22 SES 09 B, Paper Session
This paper is inspired by the understanding that “life is more than a set of commercial relations” (Nussbaum & Sen 1993: 9) and that treating tertiary graduates as a homogenous group on the labour market is not appropriate in expanded and diversified education systems (Kogan et al., 2011).
Data for 2018 show that in the European Union (EU) 28, the unemployment rate of persons aged 25–39 with higher education was 4.8%, whereas that of persons with lower secondary education or less was more than three times higher – 16.1%. However, in recent years, there has been a widespread, often overlooked, tendency for graduates to be employed in jobs not requiring a university diploma. For example, according to data from CEDEFOP, over-qualification rate (among tertiary graduates for age group 25-34) in the EU for 2018 is 25.1%. This rate ranges from 10% in Luxembourg to 47.8% for Greece. Analyses also show that the degree of education-job mismatch depends on diverse social factors, with differing values for graduates of individual higher education institutions (Ilieva-Trichkova & Boyadjieva, 2016). Mismatches at the graduate level can manifest as over-education or mismatched skills. Although the two may overlap, ‘educational mismatches by no means imply mismatches between available and required knowledge and skills’ (Allen & de Weert 2007: 72).
In this context, the question of the well-being of higher education graduates comes to the fore. Previous research shows that besides the benefits of education in terms of jobs and earnings, people with a higher level of education also enjoy better health and health behaviour (e.g. Brännlund, Hammarström & Strandh 2013; OECD 2015), have better capabilities of voice and agency (Brännlund, Hammarström & Strandh 2012), have higher levels of interpersonal trust and tolerance (e.g. Borgonovi 2012; Boyadjieva & Ilieva-Trichkova 2015), are more likely to be civically engaged, they report higher levels of social support from friends and relatives, they are more likely to be satisfied with their lives overall (OECD 2015). However, it is not clear if there are some differences in this regard when graduates are employed below their level of education.
Against this background, this paper’s aim is twofold: 1) to explore how the subjective individual and societal well-being differ among higher education graduates and especially to what extent it is associated with graduate vertical education-job mismatch; and 2) to outline some policy implications which take into account the role of higher education for the improving the quality of individual and societal life beyond their economic and instrumental dimensions and the importance for well-being of both well-being achievements and well-being freedom (Sen 1993).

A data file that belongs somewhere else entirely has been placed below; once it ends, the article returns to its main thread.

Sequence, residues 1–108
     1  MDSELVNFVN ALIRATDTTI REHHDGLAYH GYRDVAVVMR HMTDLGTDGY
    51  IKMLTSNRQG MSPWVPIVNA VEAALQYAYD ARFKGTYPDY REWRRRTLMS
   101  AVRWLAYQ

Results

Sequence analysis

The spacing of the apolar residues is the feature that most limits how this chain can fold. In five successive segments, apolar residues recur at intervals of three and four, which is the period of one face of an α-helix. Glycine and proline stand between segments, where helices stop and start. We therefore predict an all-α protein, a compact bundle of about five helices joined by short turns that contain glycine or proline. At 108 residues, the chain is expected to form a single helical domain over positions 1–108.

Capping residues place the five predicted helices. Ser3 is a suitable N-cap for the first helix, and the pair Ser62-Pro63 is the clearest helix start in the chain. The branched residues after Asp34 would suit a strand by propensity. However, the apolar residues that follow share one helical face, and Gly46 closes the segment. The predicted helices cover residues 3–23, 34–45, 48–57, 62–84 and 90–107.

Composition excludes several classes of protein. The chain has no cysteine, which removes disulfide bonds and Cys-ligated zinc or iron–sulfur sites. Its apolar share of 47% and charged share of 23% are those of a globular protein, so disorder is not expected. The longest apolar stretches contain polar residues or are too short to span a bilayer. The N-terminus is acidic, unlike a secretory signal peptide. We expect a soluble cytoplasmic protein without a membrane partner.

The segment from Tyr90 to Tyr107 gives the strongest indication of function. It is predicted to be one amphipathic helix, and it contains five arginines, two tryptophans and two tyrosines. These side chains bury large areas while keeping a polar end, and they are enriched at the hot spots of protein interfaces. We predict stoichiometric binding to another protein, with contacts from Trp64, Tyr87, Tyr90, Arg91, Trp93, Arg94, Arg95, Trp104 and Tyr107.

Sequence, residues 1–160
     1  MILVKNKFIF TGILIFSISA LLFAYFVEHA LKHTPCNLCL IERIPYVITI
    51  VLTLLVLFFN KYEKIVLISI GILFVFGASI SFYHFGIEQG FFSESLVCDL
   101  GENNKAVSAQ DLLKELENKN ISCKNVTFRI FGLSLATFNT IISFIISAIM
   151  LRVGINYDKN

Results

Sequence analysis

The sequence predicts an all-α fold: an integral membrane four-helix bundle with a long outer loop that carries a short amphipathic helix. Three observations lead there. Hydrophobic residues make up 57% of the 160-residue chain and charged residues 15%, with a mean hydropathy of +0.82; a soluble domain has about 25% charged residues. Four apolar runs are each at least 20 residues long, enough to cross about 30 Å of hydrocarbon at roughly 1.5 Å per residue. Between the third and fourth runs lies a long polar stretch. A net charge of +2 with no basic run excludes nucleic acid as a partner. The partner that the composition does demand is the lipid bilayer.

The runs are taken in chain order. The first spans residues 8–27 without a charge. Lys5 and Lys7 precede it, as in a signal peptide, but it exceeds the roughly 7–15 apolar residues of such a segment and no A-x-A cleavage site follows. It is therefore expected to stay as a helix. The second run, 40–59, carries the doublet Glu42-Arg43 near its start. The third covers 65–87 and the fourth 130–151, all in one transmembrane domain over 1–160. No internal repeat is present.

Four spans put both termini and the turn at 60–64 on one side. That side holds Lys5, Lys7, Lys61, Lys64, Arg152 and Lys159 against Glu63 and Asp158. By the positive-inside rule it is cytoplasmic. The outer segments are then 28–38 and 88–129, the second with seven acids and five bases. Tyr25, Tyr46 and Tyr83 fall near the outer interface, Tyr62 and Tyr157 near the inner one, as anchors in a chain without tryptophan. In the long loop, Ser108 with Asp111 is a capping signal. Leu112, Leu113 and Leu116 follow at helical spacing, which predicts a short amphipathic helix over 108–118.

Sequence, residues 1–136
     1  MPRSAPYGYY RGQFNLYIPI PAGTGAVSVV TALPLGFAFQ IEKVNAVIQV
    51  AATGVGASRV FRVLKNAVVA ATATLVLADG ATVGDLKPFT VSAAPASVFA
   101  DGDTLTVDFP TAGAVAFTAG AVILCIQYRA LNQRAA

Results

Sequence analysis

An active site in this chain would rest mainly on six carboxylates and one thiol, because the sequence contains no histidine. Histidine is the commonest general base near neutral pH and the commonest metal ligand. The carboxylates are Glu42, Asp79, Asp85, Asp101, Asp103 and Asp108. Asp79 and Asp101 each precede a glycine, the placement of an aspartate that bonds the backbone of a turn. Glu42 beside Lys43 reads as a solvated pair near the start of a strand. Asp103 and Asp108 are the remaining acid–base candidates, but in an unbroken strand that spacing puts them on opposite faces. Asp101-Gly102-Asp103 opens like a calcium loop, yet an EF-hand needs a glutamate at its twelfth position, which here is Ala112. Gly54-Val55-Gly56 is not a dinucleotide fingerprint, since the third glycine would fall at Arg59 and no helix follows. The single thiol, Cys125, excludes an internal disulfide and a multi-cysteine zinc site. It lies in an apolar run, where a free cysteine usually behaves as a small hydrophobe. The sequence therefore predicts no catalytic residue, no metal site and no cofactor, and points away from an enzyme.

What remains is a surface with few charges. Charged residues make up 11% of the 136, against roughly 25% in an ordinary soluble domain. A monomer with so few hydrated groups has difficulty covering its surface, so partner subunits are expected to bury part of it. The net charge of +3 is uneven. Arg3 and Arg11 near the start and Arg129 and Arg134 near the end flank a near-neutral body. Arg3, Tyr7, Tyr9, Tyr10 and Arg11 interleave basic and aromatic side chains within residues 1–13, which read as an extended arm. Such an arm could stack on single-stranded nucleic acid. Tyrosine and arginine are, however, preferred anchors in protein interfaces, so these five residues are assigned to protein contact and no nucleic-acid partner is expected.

In order to achieve these aims the paper applies the capability approach as a theoretical framework. The capability approach is associated mainly with the work of the Nobel Prize-winning economist Amartya Sen and the political philosopher Martha Nussbaum. It is a social justice normative theoretical framework for conceptualizing and evaluating phenomena such as inequalities, poverty and well-being. According to the capability approach, it is not so much the achieved outcomes (functionings) that matter, but the real opportunities (capabilities) that one has for achieving those outcomes.
The notion of capability implies a larger scope of benefits from education than improving economic production and includes influencing social change and enhancing the well-being and freedom of individuals and peoples. The human capability perspective focuses on the impact that education may have on expanding human ability to lead a valuable life and to make substantive choices (see Sen 1999: 292–297).
The paper applies secondary data analysis of the ninth wave of the European Social Survey (2018) for 25 European countries. The data will be analysed via descriptive statistics, correlation analysis and multilevel regression modeling. The multilevel regression technique is preferred because separating the variation between the individual and macro levels and allowing the constant terms to vary between countries allows the technique to take into account the nested structure of the data (Rabe-Hesketh & Skrondal 2012). More specifically, we will use information on both the individual level (level 1) and the country level (level 2). The country where people were interviewed will serve as the clustering variable. Given that our dependent variables are binary, we will use random effects logit models. The models are estimated with the xtlogit command in Stata 14. For measuring subjective societal well-being we use two indicators: the means of the graduates’ answers to questions about their trust in other people and their opinion on whether they would have a fair chance of getting the job they were seeking. For measuring the subjective individual well-being we use two dummy variables as dependent variables in the regression analyses: whether they are happy or not and whether they are satisfied by their life as a whole or not. As independent variables, we include both individual- and country-level characteristics. The main independent variable at individual level is education-job mismatch. Indeed, there is no uniform and undisputable typology or measurement framework of education-job mismatch (see ILO 2014; Quintini 2011). Each measure has its own pros and cons (Støren & Arnesen 2011). In this paper, we apply a normative approach to its assessment. Such an approach allows us to use an objective measure for the education-job mismatch. In order to assess the level of vertical education-job mismatch, we will follow the International Standard Classification of Occupations (ISCO-08) at 4-digit levels. More specifically, ISCO 1, 2 and 3 are categories of occupations usually requiring tertiary qualifications. ISCO 1 refers to Managers, ISCO 2 to Professionals, whereas ISCO 3 refers to Technicians and associate professionals. Therefore, higher education graduates who are employed in some of the other categories, ISCO 4–9, are classified as vertically mismatched. In addition, we use a set of control dummy variables: gender (Female= 1), social background (High= 1), minority background (Yes= 1); and age (continuous variable). At the country level, we distinguish between the country’s welfare regimes.